Circa 1903

North Carolina’s Outer Banks at the Dawn of Flight, Larry E. Tise, UNC Press.

Circa 1903 Book Cover

If you’ve had a chance to read The Papers of Wilbur and Orville Wright, you know that the Wright Brothers had good reasons for choosing the North Carolina coast as the site of their experiments. Remote yet accessible, the area now known as the Outer Banks of North Carolina was ideal for flying gliders, as it featured sustained twenty mph winds and soft sands, the latter of which promised to minimize the structural damage and injuries suffered in “many anticipated crashes.”

If you’ve read their Papers, you also know that the Wright Brothers wrote extensively about the coastal world they experienced. What you may not know is that Wilbur and Orville, along with their older brother Lorin (1863-1939), took countless photographs during their trips to what were then known as the “sand banks” or “barrier islands.”

It’s a selection of these photographs—along with photos taken by other visitors—that make “Circa 1903” such a surprising and remarkable book, a “historical photographic record” that gives readers the opportunity to see what the Wright Brothers described in their diaries. Better yet, author Larry E. Tise—the Wilbur and Orville Wright Distinguished Professor of History at East Carolina University from 2000-15—puts the photos in context, providing additional insight into the people the Wright Brothers encountered and the places they visited during their half-dozen trips to the region.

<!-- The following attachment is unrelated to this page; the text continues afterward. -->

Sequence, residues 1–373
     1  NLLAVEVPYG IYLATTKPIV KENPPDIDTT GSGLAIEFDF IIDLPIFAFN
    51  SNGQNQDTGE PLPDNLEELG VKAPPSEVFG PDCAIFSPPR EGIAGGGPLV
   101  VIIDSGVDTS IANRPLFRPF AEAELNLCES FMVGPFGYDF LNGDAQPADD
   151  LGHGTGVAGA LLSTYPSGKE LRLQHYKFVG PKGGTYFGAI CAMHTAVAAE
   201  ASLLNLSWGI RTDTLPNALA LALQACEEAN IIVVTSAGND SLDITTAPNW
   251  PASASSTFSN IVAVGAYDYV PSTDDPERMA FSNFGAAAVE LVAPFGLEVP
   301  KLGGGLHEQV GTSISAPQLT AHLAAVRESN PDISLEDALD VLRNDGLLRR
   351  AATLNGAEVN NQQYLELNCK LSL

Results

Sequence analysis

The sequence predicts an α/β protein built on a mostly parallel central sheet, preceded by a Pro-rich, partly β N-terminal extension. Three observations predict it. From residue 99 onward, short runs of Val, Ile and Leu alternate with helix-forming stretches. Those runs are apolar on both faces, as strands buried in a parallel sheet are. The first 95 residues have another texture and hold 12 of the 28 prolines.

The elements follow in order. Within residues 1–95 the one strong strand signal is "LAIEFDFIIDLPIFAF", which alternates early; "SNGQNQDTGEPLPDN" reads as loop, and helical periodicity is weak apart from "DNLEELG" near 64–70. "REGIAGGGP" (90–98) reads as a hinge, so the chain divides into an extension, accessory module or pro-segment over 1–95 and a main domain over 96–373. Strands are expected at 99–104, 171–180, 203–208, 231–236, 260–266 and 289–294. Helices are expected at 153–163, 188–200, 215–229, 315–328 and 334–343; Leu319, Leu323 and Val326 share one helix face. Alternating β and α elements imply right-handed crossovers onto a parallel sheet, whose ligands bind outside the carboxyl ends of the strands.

So, for example, we see pictures of the family that hosted the Wrights during their first trip to Kitty Hawk; pictures of the Wright brothers’ kitchen, camp site and camp buildings at Kill Devil Hills; boats that the Wrights hired to transport them around the region; and photographs of lighthouses and fisheries, as well as images from Elizabeth City, then the commercial hub of the upper Carolina coast.

In a nutshell, “Circa 1903” provides fascinating new insights into a mostly forgotten world, one that played a mission-critical role in the invention of flight.

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